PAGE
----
As they advanced at quickstep, shouting Vive l'Empereur, all firing ceased. The heavy infantry, who were to receive them, lay flat upon the ground until the column was within 50 or 60 paces; Maitland’s brigade, presenting a front of 450 men, were then ordered to stand up. The French suddenly halted.
As they seemed to hesitate, Maitland’s famous brigade sprang forward with the bayonet. The charge was supported by the allies with a vigorous fire on the flanks, and the French were forced back to their own lines with great slaughter.
It was at this time that the head of Ziethen's column reached the ground. Coming from Ohain, he approached the field opposite the space which divided the contending armies. The division of Steinmetz at once wheeled into position and began a furious attack upon the French, spreading terror and confusion throughout the right wing of the array. At this juncture the duke, seeing that the battle was won, ordered an advance along the whole line. The French gave way at every point. The emperor did what he could, but the troops were everywhere too much exhausted to make any determined resistance. Only one line of retreat was open. The army was crowded into a confused mass, and the Prussian cavalry took up the pursuit with such terrific vigor that at Genappe the French abandoned 100 cannon, and from that point made no attempt to preserve even the semblance of order. The army broke into confusion, and the flying troops, throwing away every incumbrance, made their way as best they could toward Paris. Napoleon himself left the field in the center of a square "with a somber, but calm countenance, his far seeing glance probing futurity, and seeing that more than a battle had been lost on that day.” Before sunrise he reached Charleroi, on the 21st he arrived at Paris, and on the 22d he presented his abdication.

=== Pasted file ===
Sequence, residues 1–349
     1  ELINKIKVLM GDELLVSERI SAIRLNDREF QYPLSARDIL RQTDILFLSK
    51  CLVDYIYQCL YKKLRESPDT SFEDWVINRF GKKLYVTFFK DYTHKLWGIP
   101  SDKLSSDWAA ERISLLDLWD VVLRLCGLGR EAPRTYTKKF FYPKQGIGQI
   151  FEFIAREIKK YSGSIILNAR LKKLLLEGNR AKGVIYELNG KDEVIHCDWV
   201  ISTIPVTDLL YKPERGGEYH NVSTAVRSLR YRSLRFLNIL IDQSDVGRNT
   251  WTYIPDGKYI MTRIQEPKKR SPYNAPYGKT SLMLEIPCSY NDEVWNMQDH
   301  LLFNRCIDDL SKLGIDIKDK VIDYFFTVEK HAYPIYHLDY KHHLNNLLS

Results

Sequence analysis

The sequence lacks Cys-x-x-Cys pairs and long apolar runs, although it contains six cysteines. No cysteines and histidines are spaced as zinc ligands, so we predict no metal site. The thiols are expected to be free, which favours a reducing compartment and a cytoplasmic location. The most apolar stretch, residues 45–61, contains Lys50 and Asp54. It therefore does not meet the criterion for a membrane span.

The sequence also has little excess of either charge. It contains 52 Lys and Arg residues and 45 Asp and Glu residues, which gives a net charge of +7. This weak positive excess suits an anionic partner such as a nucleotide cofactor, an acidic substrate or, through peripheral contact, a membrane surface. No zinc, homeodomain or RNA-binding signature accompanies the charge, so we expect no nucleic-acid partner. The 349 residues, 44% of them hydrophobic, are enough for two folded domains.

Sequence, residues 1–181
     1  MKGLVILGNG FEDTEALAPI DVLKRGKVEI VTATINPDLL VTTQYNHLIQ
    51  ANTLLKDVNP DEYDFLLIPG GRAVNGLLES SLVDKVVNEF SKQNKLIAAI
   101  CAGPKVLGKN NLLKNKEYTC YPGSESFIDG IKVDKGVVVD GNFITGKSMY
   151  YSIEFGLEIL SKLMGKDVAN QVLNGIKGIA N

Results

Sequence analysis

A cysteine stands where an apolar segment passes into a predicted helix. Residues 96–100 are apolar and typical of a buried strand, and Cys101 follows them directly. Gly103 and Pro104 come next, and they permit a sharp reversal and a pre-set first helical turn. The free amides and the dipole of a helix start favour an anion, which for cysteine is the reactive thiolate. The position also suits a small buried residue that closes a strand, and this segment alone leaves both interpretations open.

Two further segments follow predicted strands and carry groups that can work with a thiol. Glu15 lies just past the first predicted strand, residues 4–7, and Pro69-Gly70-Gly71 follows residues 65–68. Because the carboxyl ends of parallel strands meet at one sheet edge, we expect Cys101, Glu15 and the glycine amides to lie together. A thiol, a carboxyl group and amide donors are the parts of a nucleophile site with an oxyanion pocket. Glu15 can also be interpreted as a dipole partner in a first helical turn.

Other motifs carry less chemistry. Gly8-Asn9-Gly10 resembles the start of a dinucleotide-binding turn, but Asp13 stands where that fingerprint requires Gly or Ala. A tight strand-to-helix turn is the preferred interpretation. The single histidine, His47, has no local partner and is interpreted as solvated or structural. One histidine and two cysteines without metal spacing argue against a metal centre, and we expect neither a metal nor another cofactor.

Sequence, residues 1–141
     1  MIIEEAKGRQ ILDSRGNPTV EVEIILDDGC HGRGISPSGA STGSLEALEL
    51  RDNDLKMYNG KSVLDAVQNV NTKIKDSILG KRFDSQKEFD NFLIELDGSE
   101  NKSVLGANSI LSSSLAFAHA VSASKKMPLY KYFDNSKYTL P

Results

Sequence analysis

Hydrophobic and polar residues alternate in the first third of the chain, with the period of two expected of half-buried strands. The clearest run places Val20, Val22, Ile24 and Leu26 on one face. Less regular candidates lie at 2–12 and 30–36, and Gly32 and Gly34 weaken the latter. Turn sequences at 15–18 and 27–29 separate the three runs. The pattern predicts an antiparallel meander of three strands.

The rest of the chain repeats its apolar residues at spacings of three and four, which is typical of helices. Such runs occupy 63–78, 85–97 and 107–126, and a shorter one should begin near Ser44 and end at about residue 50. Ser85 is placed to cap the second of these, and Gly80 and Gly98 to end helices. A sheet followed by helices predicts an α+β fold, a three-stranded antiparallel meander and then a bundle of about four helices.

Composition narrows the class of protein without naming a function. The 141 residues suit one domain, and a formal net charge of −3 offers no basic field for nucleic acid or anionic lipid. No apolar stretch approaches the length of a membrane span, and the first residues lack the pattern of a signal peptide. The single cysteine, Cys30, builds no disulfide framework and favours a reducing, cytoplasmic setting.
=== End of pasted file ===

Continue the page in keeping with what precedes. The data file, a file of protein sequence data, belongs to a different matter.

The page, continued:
The number of casualties to the French it is impossible to determine. Charras, who studied the matter, estimates the killed, wounded, and missing at between 31,000 and 32,000. The allied armies lost in killed, wounded, and missing a total of 22,428. The losses of the British, threw half Britain into mourning.
Authorities.—The accounts of the campaign and battle written before a critical examination had been made of the dispatches were all very untrustworthy. Even the celebrated description of Thiers has been shown to abound in errors of the most fundamental and important nature. Alison's account, written from the British point of view, has also been entirely superseded. The two accounts of the campaign and battle given by Napoleon himself while at St, Helena, though important, are shown by the dispatches to abound in errors and misrepresentations. In some important points also they contradict each other. The most important modern works, written after a study not only of the original dispatches, but also of the memoirs of the officers who took part, are the following: Charras, Histoire de la Campagne de 1815; Chesney, Waterloo Lectures (London 1868; 3d ed. 1874); Clausewitz, Der Feldzug von 1815 in Frankreich; Gardner, Quatre Bras, Ligny, and Waterloo; Hooper, Waterloo, the Downfall of the First Napoleon-Kennedy, Notes on the Battle of Waterloo; Muffling, Sketch of the Battle of Waterloo; Ollech, Geschichte des Feldzuges von 1815; Quinet, Histoire de la Campagne de 1815; Siborne, History of the War in France and Belgium in 1815; and Ropes, The Campaign of Waterloo (New York, 1893). Those of Ropes, Gardner, and Chesney are the most valuable authorities in English. The fullest bibliography and the best maps are in Ropes. Gardner abounds in admirable notes, and has an interesting Appendix of “ Waterloo Poetry.” The highest value of Chesney perhaps is his merciless and irrefutable exposure of the mendacity of Napoleon, and the consequent worthlessness of such descriptions as those of Thiers and others that are founded on the emperor’s representations. C. K. Adams.
See Also: The Prelude to the Battle of Waterloo